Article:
Mini-Ambiotic, the sculpture that has been traveling
since 2008 in the group exhibit Reimagining
Distaff Toolkit, is home. The works of Betye and
Alison Saar were also in this exhibit, two artists I
|Mini-Ambiotic in its crate, arrived safely|
home after 5 years of touring. The
sculpture is made out of sewing pattern
paper, wire, beeswax, and a vintage
children's ironing board.
Each work of art in Reimagining the Distaff Toolkit
features a tool that was important for women's domestic
labor from the 18th century through World War II. The
artists have placed objects such as a dressmaker’s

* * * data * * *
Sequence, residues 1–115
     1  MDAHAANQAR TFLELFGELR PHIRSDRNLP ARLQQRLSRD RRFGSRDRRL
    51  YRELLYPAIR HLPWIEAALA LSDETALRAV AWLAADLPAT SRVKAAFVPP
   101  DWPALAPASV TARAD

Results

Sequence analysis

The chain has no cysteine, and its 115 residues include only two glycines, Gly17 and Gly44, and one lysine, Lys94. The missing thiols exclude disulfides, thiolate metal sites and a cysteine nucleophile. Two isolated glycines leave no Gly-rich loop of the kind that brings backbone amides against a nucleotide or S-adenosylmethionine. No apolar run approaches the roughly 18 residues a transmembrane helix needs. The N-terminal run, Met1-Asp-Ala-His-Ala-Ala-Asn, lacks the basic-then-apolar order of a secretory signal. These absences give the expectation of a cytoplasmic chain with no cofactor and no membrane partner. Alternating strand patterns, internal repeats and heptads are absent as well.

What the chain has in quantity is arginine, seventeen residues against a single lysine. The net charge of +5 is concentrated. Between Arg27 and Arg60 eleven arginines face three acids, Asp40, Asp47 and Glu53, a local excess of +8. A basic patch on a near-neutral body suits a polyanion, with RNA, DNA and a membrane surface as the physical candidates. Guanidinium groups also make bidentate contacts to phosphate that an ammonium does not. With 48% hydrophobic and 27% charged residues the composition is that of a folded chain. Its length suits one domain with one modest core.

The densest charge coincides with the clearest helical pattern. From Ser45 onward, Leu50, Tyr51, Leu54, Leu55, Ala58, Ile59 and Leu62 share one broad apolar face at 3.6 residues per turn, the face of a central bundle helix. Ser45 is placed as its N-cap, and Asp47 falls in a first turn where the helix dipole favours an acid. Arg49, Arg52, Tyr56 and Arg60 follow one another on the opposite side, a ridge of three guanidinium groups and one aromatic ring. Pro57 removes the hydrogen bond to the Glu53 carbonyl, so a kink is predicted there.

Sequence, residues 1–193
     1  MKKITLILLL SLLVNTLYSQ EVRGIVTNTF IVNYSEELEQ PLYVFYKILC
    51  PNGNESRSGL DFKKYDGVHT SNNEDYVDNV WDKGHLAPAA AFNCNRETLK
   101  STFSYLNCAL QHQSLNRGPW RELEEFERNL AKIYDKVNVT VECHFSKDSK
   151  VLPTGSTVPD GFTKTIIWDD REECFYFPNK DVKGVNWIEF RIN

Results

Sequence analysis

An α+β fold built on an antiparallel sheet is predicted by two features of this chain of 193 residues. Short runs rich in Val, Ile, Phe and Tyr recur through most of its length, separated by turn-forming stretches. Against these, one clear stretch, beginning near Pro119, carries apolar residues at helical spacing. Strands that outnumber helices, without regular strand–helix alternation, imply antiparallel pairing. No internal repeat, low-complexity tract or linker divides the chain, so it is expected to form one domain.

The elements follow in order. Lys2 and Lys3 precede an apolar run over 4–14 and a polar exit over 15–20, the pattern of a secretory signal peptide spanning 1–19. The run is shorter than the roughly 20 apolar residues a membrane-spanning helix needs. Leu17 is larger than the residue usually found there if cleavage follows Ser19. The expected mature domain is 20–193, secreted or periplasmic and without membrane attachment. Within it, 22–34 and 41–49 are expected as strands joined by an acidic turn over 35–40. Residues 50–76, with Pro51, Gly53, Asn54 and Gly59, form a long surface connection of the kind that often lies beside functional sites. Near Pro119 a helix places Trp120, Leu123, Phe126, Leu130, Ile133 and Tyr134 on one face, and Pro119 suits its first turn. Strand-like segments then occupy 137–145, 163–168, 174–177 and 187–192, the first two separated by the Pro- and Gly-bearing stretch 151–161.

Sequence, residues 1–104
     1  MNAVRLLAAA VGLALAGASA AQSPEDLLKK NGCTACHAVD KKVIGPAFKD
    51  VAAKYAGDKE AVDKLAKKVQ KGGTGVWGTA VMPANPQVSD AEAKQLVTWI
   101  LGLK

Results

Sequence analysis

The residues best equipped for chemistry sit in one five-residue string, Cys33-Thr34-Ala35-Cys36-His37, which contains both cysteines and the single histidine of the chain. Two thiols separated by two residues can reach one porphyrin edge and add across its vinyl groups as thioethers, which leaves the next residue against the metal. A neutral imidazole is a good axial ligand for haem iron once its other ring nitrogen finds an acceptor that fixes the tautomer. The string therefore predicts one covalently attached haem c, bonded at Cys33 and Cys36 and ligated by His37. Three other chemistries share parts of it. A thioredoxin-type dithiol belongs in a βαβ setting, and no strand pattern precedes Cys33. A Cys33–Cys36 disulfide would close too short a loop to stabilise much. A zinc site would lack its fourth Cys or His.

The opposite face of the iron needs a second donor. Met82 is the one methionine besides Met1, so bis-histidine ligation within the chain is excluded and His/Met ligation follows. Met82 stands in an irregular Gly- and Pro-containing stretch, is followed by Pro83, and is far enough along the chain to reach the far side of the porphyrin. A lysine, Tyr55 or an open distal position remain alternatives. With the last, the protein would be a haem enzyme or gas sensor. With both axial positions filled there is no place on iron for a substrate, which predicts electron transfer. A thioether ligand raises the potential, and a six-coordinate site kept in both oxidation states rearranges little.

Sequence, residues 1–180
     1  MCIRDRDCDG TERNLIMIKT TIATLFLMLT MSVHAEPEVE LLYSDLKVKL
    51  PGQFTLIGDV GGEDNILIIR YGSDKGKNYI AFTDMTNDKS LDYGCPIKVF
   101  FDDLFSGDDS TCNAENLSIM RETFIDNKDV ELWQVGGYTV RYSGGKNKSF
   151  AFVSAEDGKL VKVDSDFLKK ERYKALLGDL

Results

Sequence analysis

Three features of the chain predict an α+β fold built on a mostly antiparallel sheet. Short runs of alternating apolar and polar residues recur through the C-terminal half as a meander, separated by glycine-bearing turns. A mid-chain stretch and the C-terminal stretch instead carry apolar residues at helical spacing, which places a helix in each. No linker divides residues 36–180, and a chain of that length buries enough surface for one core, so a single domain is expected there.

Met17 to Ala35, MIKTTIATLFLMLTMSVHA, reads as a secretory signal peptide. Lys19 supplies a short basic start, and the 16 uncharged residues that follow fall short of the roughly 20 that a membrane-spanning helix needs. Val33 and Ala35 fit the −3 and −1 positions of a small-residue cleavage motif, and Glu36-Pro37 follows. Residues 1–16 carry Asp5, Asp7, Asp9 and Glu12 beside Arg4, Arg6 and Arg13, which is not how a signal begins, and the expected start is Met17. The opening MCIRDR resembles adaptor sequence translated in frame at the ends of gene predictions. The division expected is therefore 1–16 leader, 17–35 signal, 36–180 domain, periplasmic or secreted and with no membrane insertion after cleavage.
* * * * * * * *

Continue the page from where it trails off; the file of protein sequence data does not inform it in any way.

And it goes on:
figure, pots, pans, baskets, rolling pins, darning eggs
and rug-beaters at the center of their works. One
piece incorporates a 19th-century distaff, which was
used to hold wool during spinning. Over time, the
word "distaff" came to refer to matters and objects
relevant to the domestic or women’s sphere, and then,
to women, generally.
Reimagining the Distaff Toolkit is curated by Dr.
Rickie Solinger, historian, curator and author. The
approximately thirty-five pieces of art in this exhibition
are on loan from contemporary artists representing
all geographic regions of the country.
|Five years ago, before I sent out |
Mini-Ambiotic, I took this photo of
my daughters next to it. They
have changed and grown so much
ago, but as soon as this package arrived I had
a flood of sentimental gratitude. Five years ago
was about the time I stopped making so many
plans, started this blog, and, perhaps, really
started embracing the present.